Last year, I wrote to Santa every day in Advent and, on the very last day, I told him a story. It is a tale that my mother told me when I was a pup, from the Long Remembering of our kind. She said that it is really a story just for the four-legses like me, and that if I ever had puppies of my own, I should tell it to them, so they would not forget.
I never had puppies… just my boys and I gave them all the love I would have given to my pups. But stories need to be shared lest they be forgotten. So, from my heart to yours, let me tell you of a time long ago…
We knew when the Child had been born.
Their Book doesn’t tell them about that, does it? Just the sheep and the choirs of angels. It doesn’t mention the dogs.
They didn’t see how we pricked up our ears and twitched our noses. How we raised our faces to the night and how those with a voice joined the song of the stars.
They do not tell how we guarded the Child as he grew. How we taught him to laugh and play in the dusty streets. Of his hands on our ears or our head on his knee. Of the tears he wept into our fur and the comfort we gave when the days were cruel.
We are just dogs. By the time they told his story, they had forgotten us.
But still we watched. Those who could worked, guarding their flocks, chasing down game or rodents. We were just creatures to whom they threw a crust or a bone. Or pests; homeless wanderers, unwanted and unloved. Some, it is true, lost faith and sank into their darkness.
It hadn’t always been that way.
We had crept close to their fires long, long ago, in the savage times when their life was hard, sent to teach them of love and loyalty. To show them how to work together. To help them grow. We cared for them, guarding their sleep, teaching them the way of the hunt, cleaning the discarded food from their camps and keeping the rats away from their cradles.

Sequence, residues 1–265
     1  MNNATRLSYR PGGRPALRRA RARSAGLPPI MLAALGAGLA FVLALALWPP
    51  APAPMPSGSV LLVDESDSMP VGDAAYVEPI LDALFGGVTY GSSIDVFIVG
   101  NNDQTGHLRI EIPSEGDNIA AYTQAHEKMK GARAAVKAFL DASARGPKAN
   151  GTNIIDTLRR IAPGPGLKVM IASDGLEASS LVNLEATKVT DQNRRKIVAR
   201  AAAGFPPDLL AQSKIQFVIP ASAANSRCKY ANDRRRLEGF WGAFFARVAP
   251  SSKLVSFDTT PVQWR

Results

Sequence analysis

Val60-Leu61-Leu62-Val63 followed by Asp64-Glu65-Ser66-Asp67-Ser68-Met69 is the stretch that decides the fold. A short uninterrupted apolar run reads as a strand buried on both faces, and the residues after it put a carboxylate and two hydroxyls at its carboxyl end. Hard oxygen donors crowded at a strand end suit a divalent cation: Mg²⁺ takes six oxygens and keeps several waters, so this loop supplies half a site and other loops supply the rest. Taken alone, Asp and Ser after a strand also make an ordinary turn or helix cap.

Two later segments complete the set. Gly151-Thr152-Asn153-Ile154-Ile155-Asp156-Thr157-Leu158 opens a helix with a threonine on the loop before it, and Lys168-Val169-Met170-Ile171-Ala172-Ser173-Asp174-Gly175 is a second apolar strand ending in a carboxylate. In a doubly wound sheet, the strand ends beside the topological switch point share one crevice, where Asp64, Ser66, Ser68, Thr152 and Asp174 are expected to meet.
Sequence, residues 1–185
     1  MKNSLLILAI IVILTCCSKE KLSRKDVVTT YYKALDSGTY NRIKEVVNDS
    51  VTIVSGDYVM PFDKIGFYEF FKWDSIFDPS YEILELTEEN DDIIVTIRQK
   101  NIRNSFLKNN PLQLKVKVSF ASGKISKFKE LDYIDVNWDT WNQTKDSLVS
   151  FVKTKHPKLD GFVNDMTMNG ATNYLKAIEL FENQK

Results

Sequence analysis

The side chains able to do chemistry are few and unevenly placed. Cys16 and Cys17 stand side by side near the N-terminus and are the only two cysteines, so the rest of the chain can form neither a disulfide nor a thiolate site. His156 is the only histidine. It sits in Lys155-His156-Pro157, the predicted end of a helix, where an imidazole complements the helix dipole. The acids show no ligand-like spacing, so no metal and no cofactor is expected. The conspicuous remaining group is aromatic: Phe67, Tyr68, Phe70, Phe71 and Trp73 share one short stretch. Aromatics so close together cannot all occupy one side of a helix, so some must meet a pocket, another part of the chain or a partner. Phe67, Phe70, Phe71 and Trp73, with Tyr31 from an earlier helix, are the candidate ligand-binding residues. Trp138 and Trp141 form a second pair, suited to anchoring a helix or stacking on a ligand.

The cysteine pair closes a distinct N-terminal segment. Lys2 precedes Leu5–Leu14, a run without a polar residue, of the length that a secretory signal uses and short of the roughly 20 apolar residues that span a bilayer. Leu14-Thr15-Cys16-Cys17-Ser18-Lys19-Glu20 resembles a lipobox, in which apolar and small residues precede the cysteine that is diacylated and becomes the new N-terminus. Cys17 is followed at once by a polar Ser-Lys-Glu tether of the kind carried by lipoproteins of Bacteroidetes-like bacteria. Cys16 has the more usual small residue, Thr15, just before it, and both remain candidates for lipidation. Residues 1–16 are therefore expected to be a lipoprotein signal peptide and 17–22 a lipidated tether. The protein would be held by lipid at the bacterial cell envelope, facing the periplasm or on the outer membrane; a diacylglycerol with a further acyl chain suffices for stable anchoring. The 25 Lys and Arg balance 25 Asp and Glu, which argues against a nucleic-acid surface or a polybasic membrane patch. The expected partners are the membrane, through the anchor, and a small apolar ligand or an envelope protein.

They have forgotten. How could they not? Their memories turn inwards now. They have lost the Long Remembering and see only today and yesterday in their quest for tomorrow. They do not understand that the memory of their kind is still deep in their bones.
Yet it is from the bones of their ancestors that they begin to remember. Over thirty thousand turns of the sun ago, they laid us to rest beside their dead. There are those who begin to see the role we played and how it was our presence in their lives that helped them become what they are today.
We do remember. We know why we are here, walking beside them, helping them learn who they can be. Comforting them in the dark times. We know our place in the Great Order of life.
And we know when a Child of Light comes into the world.
We have watched them come, one by one, for there have been many. Their words and their lives are tossed around like toys, their bodies often broken by Man’s cruelty and fear. Man is a fearful creature after all. Yet every time, some of them hear and learn. Some of them see the spark of Light in the words and deeds… and see then forever that same spark shining in every living creature.
We need no Star. We always feel the birth of Love. It calls to us, for it is what we are. They need no Star either, they only think they do. They think too much and let themselves feel too little.
It is told that some of our kind were there, with the sheep and the shepherds that night.
Perhaps it is true. Perhaps, like many stories, it is only a story. Yet truth wears many guises and can be hidden in many places. The Long Remembering knows truth, not just a narrow reality.
We know too that every child is a Child of Light. Guard them well, They told us, and teach them how to Love.
Who knows which of them will change the world?